China and Iran have shared a position as cyber-bogeymen over the past year, but a new report from the Wall Street Journal about Iranian infiltration of U.S. energy firms shows why their cyber-assaults could pose a greater immediate threat to U.S. national security.
While China pursues aggressive cyber-espionage campaigns against major U.S. companies and news sources, Iranian-backed hackers are more overtly hostile — targeting critical infrastructure vulnerable to sabotage or engaging in disruptive economic actions, like when Iranian-backed hackers leveraged data centers to wage a massive distributed denial of service (DDoS) attack against financial institutions.
From a strategic standpoint, the differences between the Chinese and Iranian strategies make sense. The Chinese government is interested in the long game and is a key player in the global market, while as Tom Kellerman, Vice President of cybersecurity firm Trend Micro, told the Wall Street Journal, “Iran has been successfully ostracized from global economics” so destructive cyber attacks serve “not only empower themselves but to signal to the Western world they are capable in cyberspace.” Proving that capability may be especially important to Iran because its nuclear program was the target of Stuxnet malware, reportedly jointly developed by U.S. and Israeli cyber-forces.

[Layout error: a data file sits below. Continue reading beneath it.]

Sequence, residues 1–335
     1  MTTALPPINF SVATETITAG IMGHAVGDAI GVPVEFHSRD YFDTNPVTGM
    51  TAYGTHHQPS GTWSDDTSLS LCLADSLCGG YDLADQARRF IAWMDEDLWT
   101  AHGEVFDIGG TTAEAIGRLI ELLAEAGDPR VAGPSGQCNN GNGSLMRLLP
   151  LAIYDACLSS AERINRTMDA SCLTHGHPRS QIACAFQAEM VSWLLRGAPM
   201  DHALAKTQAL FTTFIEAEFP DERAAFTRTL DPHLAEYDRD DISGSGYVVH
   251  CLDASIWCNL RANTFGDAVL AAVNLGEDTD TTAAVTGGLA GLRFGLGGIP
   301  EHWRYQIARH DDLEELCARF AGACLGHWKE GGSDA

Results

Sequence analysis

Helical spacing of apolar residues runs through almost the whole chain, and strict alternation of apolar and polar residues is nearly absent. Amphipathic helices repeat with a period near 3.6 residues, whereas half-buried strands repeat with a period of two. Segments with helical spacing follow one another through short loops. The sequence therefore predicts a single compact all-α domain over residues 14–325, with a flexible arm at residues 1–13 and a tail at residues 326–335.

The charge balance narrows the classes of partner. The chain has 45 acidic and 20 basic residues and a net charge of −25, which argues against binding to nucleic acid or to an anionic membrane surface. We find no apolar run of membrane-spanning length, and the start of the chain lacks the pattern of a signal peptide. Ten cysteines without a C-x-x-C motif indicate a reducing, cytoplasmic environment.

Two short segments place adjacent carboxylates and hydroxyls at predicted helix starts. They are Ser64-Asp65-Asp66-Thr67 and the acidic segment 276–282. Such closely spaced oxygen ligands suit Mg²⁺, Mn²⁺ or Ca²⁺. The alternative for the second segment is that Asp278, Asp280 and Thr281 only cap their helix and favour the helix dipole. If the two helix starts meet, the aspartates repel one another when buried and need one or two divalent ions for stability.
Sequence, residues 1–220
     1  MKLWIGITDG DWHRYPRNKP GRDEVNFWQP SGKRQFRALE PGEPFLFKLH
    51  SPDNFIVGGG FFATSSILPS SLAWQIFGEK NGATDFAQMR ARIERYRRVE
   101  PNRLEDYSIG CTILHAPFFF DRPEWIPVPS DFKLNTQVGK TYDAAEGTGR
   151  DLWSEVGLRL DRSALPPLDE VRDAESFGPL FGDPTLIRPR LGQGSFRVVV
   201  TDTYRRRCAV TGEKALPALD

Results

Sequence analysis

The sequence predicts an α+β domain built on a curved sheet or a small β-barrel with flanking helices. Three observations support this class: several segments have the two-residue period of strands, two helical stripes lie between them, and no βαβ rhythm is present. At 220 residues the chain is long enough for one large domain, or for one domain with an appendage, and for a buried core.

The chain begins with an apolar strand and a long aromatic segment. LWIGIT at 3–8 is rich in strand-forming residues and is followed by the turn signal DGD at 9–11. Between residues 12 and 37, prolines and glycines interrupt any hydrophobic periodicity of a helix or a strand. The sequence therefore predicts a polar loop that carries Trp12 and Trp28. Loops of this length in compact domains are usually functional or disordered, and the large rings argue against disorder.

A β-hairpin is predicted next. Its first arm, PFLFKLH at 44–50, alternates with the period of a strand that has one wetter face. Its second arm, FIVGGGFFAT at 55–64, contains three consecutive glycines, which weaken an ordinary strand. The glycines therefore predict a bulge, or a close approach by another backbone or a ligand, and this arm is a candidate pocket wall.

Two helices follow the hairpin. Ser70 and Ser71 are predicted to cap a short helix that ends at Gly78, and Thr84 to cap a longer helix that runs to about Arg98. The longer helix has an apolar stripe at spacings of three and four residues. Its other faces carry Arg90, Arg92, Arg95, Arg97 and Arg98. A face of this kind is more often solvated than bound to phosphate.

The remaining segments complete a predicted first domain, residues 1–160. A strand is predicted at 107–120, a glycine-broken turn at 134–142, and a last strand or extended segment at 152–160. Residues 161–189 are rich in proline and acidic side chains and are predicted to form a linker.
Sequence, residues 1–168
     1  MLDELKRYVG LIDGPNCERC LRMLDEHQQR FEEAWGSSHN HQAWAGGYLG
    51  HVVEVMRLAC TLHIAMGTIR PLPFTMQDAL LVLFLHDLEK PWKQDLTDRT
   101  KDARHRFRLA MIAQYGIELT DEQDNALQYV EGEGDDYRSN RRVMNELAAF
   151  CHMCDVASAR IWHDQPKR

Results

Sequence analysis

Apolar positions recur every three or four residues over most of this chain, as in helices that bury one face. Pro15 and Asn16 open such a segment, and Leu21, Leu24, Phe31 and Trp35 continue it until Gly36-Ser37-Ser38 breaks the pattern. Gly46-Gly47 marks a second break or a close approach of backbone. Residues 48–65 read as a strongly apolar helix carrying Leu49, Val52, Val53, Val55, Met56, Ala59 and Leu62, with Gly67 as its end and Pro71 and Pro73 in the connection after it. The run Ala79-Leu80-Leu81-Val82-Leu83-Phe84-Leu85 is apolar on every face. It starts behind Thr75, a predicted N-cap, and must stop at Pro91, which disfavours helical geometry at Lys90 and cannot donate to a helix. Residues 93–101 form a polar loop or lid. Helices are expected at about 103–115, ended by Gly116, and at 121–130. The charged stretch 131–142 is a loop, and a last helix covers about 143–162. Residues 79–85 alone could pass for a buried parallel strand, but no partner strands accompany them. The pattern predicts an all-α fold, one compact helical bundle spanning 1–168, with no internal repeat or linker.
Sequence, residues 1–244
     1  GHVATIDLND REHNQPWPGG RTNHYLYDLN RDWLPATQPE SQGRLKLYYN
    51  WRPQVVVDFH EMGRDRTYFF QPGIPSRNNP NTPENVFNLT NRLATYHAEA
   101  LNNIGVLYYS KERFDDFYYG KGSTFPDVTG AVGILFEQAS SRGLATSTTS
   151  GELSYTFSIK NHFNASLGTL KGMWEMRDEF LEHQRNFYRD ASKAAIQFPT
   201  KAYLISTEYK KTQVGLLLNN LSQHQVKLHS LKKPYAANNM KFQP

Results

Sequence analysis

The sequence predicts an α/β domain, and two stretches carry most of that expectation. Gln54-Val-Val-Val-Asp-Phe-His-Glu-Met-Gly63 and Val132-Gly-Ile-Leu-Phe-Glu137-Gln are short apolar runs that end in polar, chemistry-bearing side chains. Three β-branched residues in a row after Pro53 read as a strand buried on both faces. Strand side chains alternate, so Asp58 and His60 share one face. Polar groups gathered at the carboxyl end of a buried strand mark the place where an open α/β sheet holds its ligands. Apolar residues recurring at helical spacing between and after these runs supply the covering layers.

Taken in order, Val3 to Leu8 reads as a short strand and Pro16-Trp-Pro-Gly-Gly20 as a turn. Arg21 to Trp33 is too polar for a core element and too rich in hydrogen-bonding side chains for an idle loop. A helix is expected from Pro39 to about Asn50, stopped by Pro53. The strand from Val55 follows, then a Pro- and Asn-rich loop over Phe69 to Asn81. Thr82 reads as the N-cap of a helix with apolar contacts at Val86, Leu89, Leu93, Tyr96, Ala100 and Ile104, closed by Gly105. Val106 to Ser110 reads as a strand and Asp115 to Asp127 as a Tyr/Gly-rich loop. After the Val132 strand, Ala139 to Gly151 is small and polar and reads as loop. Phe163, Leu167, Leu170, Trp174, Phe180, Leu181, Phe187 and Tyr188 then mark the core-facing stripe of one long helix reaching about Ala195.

The more recent Iranian-backed attacks go a step further than outside disruptions like the DDoS attacks according to U.S. officials, showing that hackers penetrated the computer networks running energy companies and gained access to the software controlling oil and gas pipelines. With access to that control-system software, hackers could potentially manipulate the flow of fuel, possibly even trigger power outages — something that could have truly devastating national security implications, especially considering that about 85 percent of the energy infrastructure the Department of Defense depends on is commercially owned.
In a March worldwide threat assessment statement to the Senate Select Committee on Intelligence, the Director of National Intelligence identified cybersecurity threats as the top threat facing the United States, specifically noting while “advanced cyber actors” like Russia or China were unlikely to launch a devastating attack on our power grid, but “less advanced but highly motivated actors could access some poorly protected U.S. networks that control core functions, such as power generation, during the next two years.”
A report on the vulnerability of the electric grid released by the offices of Congressman Edward Markey (D-MA) and Henry Waxman (D-CA) last week suggests a substantial number of those networks are poorly protected, with many only implementing mandatory cybersecurity measures from the North American Electric Reliability Corporation (NERC) that are often several years behind the current cyber-threat landscape.